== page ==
NCAA Rule Change Will Prohibit Schools from Blocking Student-Athlete Transfers

NCAA announces transfer redshirt rule changes

The rule will put an end to a debatable practice wherein a DI coach would prevent an athlete wishing to transfer from contacting specific schools (usually rival schools).

The NCAA announced on Wednesday a change to its redshirt rules, which will now allow a player to participate in up to four games without without losing his redshirt.

"This change promotes not only fairness for college athletes, but also their health and well-being". The new process allows the athlete to notify his current school of his desire to transfer and will then require the school to enter the student's name into a database within two business days of the request.

In years past, if a player wanted to leave a school, the school, if it granted the player permission to contact other schools, could place restrictions on the school the player speaks to.

The first, beginning October 15 student-athletes will be able to transfer and receive a scholarship without asking their current school for permission across all sports. Last spring at Kansas State, reserve receiver Corey Sutton said he was blocked him from transferring to 35 schools by coach Bill Snyder before the school finally relented amid public pressure. The Division I Board of Directors developed a series of principles to guide the Transfer Working group, which included that any rule changes should "support the academic success of student-athletes", and "be based on data and create the least restrictive environment possible for student-athletes".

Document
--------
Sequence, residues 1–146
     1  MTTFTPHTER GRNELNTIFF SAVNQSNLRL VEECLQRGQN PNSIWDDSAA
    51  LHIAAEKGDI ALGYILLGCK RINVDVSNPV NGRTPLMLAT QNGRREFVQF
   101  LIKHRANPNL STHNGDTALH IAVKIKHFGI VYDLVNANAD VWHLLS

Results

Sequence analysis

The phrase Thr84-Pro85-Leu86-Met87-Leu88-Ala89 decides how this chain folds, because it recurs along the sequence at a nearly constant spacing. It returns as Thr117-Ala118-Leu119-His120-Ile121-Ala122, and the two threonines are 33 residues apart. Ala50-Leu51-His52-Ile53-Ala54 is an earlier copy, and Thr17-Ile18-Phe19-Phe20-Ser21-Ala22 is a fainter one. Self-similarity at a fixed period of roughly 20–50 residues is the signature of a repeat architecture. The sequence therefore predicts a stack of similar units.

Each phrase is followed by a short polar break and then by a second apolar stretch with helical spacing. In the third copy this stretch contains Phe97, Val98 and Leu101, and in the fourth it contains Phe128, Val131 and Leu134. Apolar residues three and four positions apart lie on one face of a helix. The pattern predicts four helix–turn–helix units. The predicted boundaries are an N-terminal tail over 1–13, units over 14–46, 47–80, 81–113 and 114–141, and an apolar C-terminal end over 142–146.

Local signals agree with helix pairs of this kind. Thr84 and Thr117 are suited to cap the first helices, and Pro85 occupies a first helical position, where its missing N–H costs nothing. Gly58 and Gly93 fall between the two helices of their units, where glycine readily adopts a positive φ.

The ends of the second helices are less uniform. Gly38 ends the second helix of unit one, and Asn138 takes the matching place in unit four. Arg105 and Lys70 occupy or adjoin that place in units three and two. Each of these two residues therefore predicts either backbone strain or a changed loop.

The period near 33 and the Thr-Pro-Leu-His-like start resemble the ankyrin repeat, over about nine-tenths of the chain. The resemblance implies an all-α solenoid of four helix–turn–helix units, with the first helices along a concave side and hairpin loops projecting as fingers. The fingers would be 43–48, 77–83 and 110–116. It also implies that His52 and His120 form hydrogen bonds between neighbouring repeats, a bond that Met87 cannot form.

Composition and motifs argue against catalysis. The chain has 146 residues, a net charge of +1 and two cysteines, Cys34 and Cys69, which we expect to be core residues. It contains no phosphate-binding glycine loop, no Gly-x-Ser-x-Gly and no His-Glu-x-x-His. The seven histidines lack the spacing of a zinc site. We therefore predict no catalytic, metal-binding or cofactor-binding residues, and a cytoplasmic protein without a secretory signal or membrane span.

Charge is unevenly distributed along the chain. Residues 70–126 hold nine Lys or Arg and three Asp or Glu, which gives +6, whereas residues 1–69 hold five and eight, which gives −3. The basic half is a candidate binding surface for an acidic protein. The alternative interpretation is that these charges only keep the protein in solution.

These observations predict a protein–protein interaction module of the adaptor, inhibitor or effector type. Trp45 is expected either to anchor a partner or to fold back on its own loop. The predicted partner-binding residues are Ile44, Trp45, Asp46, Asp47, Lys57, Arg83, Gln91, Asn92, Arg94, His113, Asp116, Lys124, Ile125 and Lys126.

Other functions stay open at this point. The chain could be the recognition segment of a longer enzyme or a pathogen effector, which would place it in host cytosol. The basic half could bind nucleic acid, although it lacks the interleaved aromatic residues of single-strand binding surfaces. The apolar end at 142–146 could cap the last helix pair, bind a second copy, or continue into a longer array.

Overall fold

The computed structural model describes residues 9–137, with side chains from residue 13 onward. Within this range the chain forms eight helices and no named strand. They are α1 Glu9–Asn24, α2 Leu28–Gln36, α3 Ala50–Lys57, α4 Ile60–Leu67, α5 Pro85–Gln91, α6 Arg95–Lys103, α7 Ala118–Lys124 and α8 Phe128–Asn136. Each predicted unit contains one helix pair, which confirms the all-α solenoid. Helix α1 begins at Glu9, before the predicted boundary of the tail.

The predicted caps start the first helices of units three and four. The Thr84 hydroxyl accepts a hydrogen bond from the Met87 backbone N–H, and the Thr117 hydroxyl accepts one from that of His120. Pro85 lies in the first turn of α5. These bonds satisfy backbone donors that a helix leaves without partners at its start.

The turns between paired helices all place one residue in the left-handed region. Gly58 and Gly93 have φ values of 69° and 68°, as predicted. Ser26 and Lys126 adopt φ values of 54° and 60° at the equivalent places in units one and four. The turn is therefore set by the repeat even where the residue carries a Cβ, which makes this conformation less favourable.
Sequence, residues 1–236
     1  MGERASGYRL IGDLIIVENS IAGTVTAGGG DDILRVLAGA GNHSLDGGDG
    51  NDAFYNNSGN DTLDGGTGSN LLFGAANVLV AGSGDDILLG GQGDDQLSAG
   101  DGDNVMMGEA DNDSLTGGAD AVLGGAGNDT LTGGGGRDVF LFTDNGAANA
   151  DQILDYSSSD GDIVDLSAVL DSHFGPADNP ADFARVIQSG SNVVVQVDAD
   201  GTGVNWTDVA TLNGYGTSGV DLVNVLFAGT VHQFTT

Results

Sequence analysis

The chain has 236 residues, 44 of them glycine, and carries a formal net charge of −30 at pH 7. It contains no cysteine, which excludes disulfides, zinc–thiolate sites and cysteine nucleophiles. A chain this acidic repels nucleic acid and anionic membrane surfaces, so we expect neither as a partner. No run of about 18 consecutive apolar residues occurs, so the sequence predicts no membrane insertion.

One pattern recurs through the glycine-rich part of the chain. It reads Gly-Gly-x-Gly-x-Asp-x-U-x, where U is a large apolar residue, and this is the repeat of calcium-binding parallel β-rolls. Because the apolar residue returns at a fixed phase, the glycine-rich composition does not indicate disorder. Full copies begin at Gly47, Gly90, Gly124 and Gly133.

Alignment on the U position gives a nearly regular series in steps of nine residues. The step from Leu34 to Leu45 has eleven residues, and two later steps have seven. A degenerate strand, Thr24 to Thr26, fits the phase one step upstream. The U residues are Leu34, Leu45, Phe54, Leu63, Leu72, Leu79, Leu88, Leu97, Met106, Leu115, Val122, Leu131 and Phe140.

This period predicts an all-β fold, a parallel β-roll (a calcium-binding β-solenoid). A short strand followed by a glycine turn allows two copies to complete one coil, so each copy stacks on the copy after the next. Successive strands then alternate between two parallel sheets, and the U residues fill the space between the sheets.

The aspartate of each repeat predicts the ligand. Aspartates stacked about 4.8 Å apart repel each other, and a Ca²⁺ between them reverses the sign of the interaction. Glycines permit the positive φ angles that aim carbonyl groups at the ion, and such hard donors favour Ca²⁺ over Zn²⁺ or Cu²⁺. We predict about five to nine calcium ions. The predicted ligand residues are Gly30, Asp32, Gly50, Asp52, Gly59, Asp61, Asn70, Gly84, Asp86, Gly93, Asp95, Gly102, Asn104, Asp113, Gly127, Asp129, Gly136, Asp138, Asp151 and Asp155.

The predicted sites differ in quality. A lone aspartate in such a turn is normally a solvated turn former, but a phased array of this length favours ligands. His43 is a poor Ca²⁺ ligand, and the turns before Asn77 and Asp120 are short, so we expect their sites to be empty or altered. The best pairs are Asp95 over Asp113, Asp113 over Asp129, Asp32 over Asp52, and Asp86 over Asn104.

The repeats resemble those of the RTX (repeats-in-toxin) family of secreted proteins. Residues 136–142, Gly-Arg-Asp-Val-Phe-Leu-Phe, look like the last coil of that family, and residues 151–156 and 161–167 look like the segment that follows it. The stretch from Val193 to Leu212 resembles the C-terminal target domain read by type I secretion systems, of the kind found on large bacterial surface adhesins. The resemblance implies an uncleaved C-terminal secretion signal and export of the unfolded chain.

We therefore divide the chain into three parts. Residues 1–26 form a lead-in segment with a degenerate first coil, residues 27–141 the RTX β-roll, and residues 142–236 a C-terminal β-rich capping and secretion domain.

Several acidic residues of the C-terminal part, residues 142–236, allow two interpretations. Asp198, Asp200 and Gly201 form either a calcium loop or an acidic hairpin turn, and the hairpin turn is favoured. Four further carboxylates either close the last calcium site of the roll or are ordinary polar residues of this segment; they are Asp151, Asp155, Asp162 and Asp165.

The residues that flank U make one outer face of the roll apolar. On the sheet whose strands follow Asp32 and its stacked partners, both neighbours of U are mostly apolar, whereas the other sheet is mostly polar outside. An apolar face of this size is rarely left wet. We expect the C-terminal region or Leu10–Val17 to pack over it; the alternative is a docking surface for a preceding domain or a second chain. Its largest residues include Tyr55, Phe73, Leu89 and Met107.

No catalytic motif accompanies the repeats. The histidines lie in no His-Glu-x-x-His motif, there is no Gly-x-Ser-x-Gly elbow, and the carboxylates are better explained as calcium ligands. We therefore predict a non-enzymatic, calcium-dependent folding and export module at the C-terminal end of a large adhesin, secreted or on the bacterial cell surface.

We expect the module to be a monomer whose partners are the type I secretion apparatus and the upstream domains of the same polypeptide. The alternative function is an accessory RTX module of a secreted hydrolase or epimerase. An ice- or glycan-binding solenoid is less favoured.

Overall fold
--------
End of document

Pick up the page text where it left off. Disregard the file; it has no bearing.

The NCAA has made several attempts in recent years to change transfer rules, but this is the first to come up with something substantive - if not comprehensive. The Big Ten, for example, has an intra-conference transfer rule that forces athletes who transfer from one conference school to another to sit out a year in all sports. There was never serious consideration to lifting the year-in-residence altogether, but tying unrestricted transfer to an athlete's grade-point average was considered.

"Another financial aid element, autonomy legislation that governs when a school can reduce or cancel aid, may be adjusted next week by the autonomy conferences". Currently, a student's notification of intent to transfer at the end of a term is not one of the listed reasons a school can use to cancel aid. The autonomy conferences will consider, by an electronic vote, two different proposals to allow schools to cancel the aid. Now that will be re-examined in the fall.

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